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This award-winning blog supplements the articles in Hospital Infection Control & Prevention.

The (pink) eyes have it: Keratoconjunctivitis outbreaks hit outpatient clinics in 4 states

Six separate outbreaks of Adenovirus-associated epidemic keratoconjunctivitis (EKC) occurred in four different states during 2008–2010, the Centers for Disease Control and Prevention reports.

The outbreaks of human adenovirus (HadV) were mainly associated with outpatient eye care. All included apparent lapses in basic infection control and inadequate cleaning and disinfection. Typically, EKC outbreaks last weeks to months and are characterized by a combination of health-care–associated and community transmission.

Overall, 411 EKC cases were identified in Florida, Illinois, Minnesota, and New Jersey. In each outbreak, health care–associated transmission appeared to occur via ophthalmologic examination. The outbreaks resulted in significant morbidity and cost resulting from the number of persons affected, duration of the outbreaks, and the temporary closure of a neonatal intensive-care unit and several clinics, the CDC emphasizes.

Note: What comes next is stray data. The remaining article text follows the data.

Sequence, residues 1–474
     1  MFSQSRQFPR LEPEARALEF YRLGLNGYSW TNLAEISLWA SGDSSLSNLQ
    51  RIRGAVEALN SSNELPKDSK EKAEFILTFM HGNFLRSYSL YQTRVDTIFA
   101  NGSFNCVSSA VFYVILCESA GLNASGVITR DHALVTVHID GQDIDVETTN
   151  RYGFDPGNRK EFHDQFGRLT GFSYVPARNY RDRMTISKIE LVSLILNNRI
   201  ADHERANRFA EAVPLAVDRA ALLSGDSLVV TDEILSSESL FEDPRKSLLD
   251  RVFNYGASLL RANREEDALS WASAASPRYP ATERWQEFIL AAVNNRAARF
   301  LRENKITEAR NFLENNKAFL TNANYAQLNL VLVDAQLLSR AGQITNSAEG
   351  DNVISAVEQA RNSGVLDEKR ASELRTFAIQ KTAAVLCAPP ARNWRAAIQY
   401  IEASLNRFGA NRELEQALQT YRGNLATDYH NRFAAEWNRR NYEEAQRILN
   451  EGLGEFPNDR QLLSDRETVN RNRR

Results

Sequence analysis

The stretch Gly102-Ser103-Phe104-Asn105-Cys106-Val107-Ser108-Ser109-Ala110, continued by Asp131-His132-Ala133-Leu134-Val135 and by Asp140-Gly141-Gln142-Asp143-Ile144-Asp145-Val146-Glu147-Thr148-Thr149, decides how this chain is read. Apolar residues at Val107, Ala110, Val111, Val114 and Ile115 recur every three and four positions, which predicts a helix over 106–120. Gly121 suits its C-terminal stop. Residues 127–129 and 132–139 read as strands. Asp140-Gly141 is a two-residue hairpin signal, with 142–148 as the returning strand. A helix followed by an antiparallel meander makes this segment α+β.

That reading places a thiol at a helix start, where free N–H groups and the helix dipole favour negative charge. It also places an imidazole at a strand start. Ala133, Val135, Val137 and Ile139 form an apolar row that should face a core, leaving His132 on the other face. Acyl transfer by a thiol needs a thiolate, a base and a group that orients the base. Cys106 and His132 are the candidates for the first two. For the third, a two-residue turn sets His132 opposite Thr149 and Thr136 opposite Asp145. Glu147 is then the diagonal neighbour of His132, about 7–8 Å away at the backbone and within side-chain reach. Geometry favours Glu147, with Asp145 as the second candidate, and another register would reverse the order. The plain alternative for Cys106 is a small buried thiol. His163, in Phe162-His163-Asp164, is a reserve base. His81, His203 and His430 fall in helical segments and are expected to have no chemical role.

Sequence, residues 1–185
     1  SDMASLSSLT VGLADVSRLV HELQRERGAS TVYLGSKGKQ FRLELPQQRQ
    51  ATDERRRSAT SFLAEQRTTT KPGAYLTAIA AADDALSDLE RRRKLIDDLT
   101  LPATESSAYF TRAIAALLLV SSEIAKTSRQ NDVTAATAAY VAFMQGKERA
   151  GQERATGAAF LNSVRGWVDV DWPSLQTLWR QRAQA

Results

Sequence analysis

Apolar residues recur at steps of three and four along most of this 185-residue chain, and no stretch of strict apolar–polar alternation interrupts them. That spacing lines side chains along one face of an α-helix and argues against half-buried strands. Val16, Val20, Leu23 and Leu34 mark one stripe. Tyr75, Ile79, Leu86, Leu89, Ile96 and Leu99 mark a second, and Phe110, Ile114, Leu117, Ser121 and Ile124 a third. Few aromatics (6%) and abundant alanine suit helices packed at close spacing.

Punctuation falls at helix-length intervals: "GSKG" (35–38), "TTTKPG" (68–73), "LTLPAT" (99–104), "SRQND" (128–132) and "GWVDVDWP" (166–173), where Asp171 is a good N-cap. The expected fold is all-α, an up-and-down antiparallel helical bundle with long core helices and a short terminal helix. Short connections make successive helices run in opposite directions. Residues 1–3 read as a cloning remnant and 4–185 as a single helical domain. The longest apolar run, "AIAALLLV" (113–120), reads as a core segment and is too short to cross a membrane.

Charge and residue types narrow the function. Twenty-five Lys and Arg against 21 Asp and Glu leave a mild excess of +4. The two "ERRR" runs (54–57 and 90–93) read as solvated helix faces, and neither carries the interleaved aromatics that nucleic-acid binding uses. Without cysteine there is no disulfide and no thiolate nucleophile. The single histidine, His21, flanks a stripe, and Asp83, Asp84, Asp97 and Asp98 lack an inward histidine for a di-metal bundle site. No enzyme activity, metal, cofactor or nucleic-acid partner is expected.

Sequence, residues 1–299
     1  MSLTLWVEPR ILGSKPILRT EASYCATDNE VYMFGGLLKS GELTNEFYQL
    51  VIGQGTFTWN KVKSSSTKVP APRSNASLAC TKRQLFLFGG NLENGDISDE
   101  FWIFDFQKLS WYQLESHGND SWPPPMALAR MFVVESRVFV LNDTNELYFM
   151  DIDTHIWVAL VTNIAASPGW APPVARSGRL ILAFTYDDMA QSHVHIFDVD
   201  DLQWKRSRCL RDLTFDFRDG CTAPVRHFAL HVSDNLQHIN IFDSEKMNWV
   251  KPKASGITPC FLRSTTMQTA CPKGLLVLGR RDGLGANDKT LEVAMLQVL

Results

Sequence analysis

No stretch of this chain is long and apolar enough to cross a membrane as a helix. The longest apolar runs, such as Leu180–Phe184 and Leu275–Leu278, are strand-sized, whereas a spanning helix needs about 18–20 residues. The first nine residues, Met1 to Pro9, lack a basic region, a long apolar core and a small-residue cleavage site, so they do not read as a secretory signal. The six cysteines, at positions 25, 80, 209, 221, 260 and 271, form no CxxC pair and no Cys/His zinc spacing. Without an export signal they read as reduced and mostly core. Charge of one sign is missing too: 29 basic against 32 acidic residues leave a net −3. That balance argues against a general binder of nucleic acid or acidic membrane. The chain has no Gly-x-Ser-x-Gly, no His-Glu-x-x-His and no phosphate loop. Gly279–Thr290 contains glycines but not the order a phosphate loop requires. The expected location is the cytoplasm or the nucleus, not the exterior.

Five of the outbreaks occurred in outpatient settings, and health care providers were the likely sources of transmission in four of the clusters. Outpatient clinics, hospitals, and other facilities that provide ophthalmologic care should have protocols in place to prevent transmission of EKC, the CDC recommends. Infection control measures include:

Strict adherence to hand hygiene among staff members.

Use of disposable gloves for any potential contact with eye secretions.

Disinfection of ophthalmic instruments after each use (or use of disposable equipment).

Cohorting of suspected conjunctivitis patients (separate waiting room, sign-in area, and examination room).

Furloughing of staff members who have signs and symptoms consistent with EKC.

In addition, dedicating eye drop vials to single patients and increasing the frequency of environmental surface disinfection are strategies that should be used in outbreak situations and considered for routine practice, the CDC recommends. Clusters of EKC infections should be reported to the appropriate state or local health department.